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University of North Georgia part of plan to privatize dorms
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With the public sector turning more and more to the private sector for certain jobs, the University System of Georgia is following suit with one of the biggest aspects of campus life.

Officials plan to have a partnership in place by the end of 2014 that would privatize dorm rooms in universities and colleges across Georgia, including the University of North Georgia’s Dahlonega campus.

“What the university system is pursuing is an alternative method of financing,” Susan Hart Ridley said. Ridley is the University System of Georgia’s associate vice chancellor for fiscal affairs. “What we’re seeking to do ... is to find a private sector partner to come in and take over the financing responsibilities because ultimately with the current financing structure, the Board of Regents as a whole ... is obligated to make rental payments for all of the system’s facilities.

“So what we’re looking for is an alternative method of financing that brings the private sector to the table,” she continued. “They bring their financing to the table. They are at risk for enrollment changes, for occupancy changes, for changes in rental rates. ...So it’s removing from a model where all of that risk is on our balance sheet to a model that shares that risk with the private sector.”

It’s not unprecedented, with the University of Kentucky and the University of South Carolina being more recent examples of higher institutions selling beds to private companies. This is a little bit different, though, with multiple properties on the table rather than just the individual institutions.

The plan will allow the University System to spend time on its real purpose, officials say.

“Our primary focus is college completion,” spokesman John Millsaps said. “That’s our No. 1 priority. Our No. 2 priority is ... guess what? The college completion rate.”

The proposal on the table for Dahlonega’s campus is to sell 314 of the existing beds, with an additional 400 to be developed in 2015 and 2016. Right now the campus can house up to 1,452 students.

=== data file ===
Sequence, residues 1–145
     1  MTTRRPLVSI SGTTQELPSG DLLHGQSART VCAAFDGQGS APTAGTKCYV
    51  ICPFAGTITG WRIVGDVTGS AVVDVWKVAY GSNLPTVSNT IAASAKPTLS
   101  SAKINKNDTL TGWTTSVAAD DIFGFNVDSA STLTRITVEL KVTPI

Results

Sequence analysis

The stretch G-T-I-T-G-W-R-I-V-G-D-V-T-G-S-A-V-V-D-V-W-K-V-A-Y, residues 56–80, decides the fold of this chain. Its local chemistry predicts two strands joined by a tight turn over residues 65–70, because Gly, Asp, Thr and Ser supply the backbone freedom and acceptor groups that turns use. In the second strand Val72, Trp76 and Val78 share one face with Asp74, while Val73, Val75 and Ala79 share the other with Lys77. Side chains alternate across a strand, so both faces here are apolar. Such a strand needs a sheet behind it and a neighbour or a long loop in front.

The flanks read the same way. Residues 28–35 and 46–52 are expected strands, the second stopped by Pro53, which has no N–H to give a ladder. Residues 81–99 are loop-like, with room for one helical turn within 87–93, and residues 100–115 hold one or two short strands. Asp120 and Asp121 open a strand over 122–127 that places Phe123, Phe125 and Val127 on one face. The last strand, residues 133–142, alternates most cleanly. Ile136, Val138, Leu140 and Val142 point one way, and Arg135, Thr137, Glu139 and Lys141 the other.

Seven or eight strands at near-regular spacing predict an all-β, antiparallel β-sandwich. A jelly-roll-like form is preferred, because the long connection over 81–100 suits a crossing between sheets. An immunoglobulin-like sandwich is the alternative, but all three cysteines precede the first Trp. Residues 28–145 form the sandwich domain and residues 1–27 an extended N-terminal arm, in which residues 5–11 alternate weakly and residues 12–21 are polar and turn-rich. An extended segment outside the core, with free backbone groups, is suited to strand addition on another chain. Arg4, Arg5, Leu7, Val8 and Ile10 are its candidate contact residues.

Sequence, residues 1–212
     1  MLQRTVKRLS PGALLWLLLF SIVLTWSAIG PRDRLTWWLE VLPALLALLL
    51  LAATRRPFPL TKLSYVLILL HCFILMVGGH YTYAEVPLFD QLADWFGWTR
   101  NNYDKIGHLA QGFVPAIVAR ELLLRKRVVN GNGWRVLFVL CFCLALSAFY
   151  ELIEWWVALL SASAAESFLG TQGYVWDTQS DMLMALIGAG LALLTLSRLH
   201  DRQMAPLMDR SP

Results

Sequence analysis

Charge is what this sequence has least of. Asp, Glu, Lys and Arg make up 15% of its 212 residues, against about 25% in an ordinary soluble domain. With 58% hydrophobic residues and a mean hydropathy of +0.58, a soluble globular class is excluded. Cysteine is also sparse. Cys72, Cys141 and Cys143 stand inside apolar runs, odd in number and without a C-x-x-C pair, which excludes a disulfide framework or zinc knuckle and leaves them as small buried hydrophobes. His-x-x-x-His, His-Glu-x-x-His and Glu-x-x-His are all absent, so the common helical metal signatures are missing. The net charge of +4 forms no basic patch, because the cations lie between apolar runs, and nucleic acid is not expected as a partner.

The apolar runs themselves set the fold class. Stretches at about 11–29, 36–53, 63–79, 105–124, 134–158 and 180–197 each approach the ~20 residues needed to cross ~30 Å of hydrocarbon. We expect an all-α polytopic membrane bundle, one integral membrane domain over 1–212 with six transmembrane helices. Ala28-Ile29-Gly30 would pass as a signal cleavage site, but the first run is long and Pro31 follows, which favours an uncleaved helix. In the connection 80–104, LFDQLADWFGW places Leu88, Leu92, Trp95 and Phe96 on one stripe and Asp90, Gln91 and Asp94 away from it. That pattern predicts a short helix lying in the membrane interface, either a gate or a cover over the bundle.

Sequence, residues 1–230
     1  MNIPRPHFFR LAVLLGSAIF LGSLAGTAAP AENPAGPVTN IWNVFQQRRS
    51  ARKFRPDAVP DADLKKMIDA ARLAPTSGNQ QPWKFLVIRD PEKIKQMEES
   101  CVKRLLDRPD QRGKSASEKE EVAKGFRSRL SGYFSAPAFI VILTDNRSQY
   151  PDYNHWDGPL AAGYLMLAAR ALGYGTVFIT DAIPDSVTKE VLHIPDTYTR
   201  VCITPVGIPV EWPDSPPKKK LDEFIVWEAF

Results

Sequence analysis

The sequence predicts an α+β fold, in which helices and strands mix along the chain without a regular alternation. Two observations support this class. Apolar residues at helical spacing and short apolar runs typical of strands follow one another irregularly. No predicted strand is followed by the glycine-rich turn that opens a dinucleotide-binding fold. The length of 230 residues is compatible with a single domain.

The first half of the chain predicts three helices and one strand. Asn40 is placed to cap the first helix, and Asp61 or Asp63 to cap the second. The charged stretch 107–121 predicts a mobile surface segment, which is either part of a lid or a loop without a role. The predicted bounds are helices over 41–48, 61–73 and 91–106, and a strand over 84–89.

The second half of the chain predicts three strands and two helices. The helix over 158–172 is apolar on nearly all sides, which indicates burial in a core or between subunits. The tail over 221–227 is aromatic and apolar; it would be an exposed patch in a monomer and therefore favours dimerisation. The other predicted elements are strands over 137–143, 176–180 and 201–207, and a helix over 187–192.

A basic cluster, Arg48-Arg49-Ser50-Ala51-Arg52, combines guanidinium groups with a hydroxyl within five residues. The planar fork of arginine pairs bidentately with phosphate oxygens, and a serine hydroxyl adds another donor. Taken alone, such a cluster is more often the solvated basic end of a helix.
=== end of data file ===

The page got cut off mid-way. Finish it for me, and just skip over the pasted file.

The University of North Georgia is not alone in the first phase of privatization; there are seven other institutions planned, with the nearest being Dalton State College and Georgia State University. The plan is to sell a total of 6,195 existing beds in the University System of Georgia, and then to add 2,300 for a total of 8,495.

But when asked about cost savings, Ridley was hesitant to give a concrete number.

“We certainly expect that this will be advantageous for us from a cost standpoint in the long run,” she said. “But I would also say it’s too early to tell. We are fairly unique ... in that we have 31 institutions currently in the system and we are pursuing this under a portfolio type of transaction, eight campuses and multiple facilities, multiple assets being included in the sale.

“We’re certainly going to strive for the overall best and lowest price that we can get, but we do want a good long-term quality partner,” Ridley added. “Price is just going to be one component.”

It’s also too early to tell if it means students get to save on college expenses, but Ridley said rent control mechanisms will be required, so rental rates can’t be increased exponentially.

“One of our No. 1 priorities for all of this is maintaining affordability for students,” she said emphatically, adding students and parents should notice no change at all. The private company would be in charge of maintenance and repairs, but the institutions would have control over any residential life or academic programs in the dorms, as well as security.

“From the private sector standpoint, that gives them an advantage because that’s what parents and students want, most typically,” Ridley said. “They want the institution ... to provide that security, to provide the academic programming that enriches the on-campus experience.”

The request for proposals is a two-step process. Ridley anticipates it will begin sometime in the spring asking for interested parties to send their qualifications.

“We’d like to get a sense from the investor community,” she said. “The level of interest, the types of qualifications, the types of financing structures that different teams can bring to the table.”

Once that information comes in, a small group would pre-qualify to move to the next step of more formal bidding for the project, anticipated in fall 2014. The idea would be to have one investor for the entire portfolio, as well as to develop the additional housing.

“This is such a large transaction,” she said. “We would expect to reach a closing on the transaction sometime in early 2015. Our target for the new beds, including those at North Georgia, would be for those to be open in the fall of 2016.”

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